Model hierarchies have been fundamental for our understanding of the large-scale circulation of Earth’s atmosphere. They have played a critical role in informing our ability to simulate natural variability, testing our predictive skill, and investigating how the climate will respond to external forcing, particularly increased greenhouse gas concentrations.
A recent paper in Reviews of Geophysics explores the broad use of idealized atmospheric models to understand the large-scale circulation, starting with the most simple models that form the basis of our understanding of the atmosphere and how they connect to the comprehensive models used for climate prediction through model hierarchies.
Here, the two lead authors give an overview of what a climate model hierarchy is, why we use simple climate models, and how these models have helped us to understand the large-scale circulation of the atmosphere.
What is a climate model hierarchy?
You can think of a climate model hierarchy as a ladder connecting our understanding of basic physical principles to the Earth system in all its complexity.
At the base are conceptual models, our simplest ways of describing the processes and laws governing the climate system. An example would be a zero-dimensional energy balance model of the atmosphere and its response to increase greenhouse gas concentrations, as first developed by Arrhenius in 1896.
At the top are our most advanced climate prediction models developed to inform the Intergovernmental Panel on Climate Change (IPCC). These state-of-the-art models are continually evolving as they increase in realism (representing additional physical processes) and resolution (allowing a more scales).
A model hierarchy is a series of models that connect our simple conceptual models, based on our conceptual understanding, to the most advanced prediction models, and are constructed by incrementally adding key processes and scales, one by one.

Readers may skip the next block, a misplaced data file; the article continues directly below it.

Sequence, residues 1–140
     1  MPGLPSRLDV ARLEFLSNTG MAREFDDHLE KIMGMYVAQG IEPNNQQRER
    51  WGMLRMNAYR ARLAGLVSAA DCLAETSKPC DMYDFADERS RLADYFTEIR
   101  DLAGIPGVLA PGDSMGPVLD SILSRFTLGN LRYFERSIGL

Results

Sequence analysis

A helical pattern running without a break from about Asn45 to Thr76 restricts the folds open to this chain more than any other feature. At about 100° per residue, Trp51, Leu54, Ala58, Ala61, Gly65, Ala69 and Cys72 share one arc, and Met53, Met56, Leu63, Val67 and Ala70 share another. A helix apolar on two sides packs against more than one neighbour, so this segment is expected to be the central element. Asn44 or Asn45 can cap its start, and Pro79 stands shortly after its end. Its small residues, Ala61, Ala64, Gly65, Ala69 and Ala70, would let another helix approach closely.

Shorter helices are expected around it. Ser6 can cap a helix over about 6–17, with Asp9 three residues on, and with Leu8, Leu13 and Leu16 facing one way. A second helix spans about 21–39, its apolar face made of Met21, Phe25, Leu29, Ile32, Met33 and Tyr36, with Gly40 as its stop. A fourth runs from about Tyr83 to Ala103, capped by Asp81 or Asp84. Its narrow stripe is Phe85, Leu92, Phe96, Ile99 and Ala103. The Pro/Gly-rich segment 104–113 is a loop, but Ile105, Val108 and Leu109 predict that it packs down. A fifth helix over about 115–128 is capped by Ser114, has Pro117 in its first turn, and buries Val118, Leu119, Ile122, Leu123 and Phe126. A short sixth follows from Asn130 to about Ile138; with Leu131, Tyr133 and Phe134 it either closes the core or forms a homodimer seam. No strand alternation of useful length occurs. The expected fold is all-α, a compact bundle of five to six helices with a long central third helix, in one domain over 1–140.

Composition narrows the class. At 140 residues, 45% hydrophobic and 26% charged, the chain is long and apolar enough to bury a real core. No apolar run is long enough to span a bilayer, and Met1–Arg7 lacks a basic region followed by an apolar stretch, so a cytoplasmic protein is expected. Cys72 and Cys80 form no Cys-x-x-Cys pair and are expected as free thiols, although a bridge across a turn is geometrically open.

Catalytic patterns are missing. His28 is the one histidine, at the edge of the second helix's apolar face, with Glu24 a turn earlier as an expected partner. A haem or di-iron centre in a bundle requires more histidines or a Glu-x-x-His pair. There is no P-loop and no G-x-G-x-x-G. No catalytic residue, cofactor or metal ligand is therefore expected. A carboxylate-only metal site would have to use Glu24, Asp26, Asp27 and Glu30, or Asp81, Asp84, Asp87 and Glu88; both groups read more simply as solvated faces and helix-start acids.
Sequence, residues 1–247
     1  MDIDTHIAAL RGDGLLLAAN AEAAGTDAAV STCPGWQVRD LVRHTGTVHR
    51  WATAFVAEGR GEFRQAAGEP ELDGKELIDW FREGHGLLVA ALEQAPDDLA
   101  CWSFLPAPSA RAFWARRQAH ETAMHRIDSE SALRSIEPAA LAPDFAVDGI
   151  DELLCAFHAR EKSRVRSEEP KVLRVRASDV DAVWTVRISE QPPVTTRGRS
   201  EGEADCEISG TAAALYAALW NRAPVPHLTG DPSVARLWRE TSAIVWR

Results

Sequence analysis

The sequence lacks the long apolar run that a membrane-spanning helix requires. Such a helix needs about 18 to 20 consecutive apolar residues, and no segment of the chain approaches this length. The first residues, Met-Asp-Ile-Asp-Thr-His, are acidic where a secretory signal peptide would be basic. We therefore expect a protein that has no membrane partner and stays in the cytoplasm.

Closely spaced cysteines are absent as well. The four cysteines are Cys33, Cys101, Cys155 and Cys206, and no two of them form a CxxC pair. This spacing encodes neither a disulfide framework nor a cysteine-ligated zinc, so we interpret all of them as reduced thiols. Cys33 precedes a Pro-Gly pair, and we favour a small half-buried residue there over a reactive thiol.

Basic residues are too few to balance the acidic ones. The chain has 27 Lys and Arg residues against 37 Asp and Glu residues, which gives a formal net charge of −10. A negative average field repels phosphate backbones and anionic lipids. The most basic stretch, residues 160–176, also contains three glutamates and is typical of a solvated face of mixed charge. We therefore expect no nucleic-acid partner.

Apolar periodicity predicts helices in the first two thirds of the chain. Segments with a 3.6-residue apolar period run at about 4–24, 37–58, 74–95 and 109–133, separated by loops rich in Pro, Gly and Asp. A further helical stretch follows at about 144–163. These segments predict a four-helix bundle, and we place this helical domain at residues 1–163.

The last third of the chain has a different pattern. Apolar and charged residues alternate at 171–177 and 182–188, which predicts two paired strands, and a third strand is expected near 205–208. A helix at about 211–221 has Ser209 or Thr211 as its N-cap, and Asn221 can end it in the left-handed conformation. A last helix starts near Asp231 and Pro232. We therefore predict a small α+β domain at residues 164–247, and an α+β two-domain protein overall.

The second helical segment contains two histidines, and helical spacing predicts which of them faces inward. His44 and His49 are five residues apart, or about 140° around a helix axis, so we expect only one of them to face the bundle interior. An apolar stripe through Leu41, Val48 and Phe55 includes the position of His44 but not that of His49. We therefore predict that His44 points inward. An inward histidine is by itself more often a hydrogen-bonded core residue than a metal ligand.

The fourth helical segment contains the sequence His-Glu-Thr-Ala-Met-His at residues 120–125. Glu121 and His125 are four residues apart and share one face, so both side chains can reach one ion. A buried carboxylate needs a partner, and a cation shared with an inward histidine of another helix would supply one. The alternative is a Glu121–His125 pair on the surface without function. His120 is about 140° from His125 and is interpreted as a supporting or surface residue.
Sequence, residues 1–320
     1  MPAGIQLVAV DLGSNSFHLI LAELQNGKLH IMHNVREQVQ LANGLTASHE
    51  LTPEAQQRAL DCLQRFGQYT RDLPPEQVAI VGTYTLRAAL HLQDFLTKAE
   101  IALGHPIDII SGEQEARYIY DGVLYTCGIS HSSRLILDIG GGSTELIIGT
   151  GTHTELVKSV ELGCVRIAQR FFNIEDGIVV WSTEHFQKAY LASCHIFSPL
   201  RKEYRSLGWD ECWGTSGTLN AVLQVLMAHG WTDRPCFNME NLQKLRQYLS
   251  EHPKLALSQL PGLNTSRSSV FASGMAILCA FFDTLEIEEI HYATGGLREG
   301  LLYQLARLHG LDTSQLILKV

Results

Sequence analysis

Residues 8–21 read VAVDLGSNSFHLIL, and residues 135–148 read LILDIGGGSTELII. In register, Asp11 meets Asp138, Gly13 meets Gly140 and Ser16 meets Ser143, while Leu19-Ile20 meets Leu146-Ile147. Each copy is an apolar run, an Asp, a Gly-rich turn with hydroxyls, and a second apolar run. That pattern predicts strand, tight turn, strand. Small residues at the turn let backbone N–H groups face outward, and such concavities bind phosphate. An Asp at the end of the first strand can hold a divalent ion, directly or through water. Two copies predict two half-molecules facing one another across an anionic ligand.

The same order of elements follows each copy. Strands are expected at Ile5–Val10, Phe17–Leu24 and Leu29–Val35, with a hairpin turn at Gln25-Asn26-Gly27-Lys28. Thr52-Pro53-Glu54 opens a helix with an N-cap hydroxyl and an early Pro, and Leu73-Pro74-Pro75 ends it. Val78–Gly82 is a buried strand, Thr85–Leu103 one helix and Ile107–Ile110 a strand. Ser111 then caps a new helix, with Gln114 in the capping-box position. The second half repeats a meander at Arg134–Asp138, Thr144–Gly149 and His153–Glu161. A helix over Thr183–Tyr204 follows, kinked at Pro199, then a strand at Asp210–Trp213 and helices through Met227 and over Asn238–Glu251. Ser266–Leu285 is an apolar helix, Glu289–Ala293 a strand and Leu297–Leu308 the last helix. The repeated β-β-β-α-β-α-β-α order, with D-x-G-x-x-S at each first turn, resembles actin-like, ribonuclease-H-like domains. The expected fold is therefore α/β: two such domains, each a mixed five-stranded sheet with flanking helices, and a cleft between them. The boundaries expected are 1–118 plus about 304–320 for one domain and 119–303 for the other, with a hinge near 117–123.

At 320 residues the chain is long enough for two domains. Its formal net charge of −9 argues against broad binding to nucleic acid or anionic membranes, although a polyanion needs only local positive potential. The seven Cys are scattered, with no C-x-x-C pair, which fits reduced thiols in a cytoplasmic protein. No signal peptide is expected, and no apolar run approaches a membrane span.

Just as a tall ladder with only a few steps at the top isn’t very useful if you are standing on the ground, our most advanced models need to be connected to be grounded in our conceptual understanding, validated, and improved.
Why do we use simple climate models?
Since the climate is complex, our climate models also need to be complex, but trying to model all the details of our climate system can impede understanding. There needs to be some simplification to build understanding.
When we strip back models to their most fundamental components, we can isolate and understand their behavior and identify “model biases” that need to be fixed. Perhaps a model is missing a key process. Perhaps a newly added process is not properly represented or coupled with the rest of the climate system. Maybe there are more fundamental problems lurking beneath in processes we thought we fully understood. We can then add in complexity incrementally to build up to a more realistic model.
In addition to fixing model biases, another aim of simple model studies is to understand a process, feedback, or mechanism. The task then becomes how to relate understanding gained from simple models back to the real climate; this is where a model hierarchy becomes essential.